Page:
David Cameron’s speech in Munich yesterday has grabbed headlines. The Prime Minister stating that the “state doctrine of multiculturalism” has “failed” provides a memorable and thought-provoking strap-line for his speech. It should provoke a lot of soul-searching.
Declaring multiculturalism as having failed would not always have been this easy. Tolerant Brits – and there are many of us – would have seen criticising multiculturalism as in itself some kind of attack on Britain, akin to bashing the NHS or the BBC. The multiculturalism that Cameron claims is now harming Britain, was once seen as a very British trait – of treading a careful and tolerant middle ground, not wishing to offend or be extreme.
Now, Cameron says this British trait is a threat to Britain. His remarks prioritised combating Islamist violent extremism as the driver for a re-think. But, in what was a short speech, the link between different cultures leading separate lives and extremists who threaten our national security was not sufficiently clear. Cameron said we should do more to tackle hate preachers. He said we should do more to tackle forced marriages, where the weakness of our challenge “reinforces a feeling that not enough is shared”.
It was a short speech in which Cameron dashed quickly across a political minefield. The basic summary of the speech – that we need to find a more cohesive approach to glue our society together – is right. And we probably do the “muscular liberalism” that he spoke of – arguing strongly for the liberal values that are part of British society.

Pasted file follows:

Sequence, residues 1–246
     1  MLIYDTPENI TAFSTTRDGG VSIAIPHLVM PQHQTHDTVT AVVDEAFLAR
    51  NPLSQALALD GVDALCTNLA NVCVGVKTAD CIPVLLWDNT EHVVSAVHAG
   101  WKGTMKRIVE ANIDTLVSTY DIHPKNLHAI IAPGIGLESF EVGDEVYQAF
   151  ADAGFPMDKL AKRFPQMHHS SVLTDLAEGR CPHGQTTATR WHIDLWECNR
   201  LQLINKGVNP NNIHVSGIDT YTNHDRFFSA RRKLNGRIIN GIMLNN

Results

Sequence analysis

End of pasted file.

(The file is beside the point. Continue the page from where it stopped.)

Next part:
This is still a problem in search of a solution. The most pressing need is for there to be a higher quality debate. Less polarised. Less defensive both within the Muslim community and outside it. But I can’t help feeling that arguing for greater community integration in the context of tackling violent Islamist extremism, will only make that task harder. It is broader than that. It involves isolating extremists on both sides – including the thousands of English Defence League activists who crowded the streets of Luton yesterday.
If “muscular liberalism” is to work, it cannot point the finger at one part of society. To do so risks entrenching separate communities further. They are defensive. They are polarised. We must criticise where criticism is necessary, but as Cameron says “we are all in this together”. So, Cameron’s approach of saying “to belong here is to believe in these things” needs to apply to everyone – including the dinner party Islamophobes identified by Baroness Warsi who polarise the debate further by failing to separate religion from political ideology.
And if we are to flex our liberal muscles more – it needs to be as much about what values we believe in, as the values we put into practice. It is no coincidence that the majority of areas in which there are racial tensions are deprived areas, where the fight for public services and jobs is more acute. We need a wide debate, but actions will be as important as words.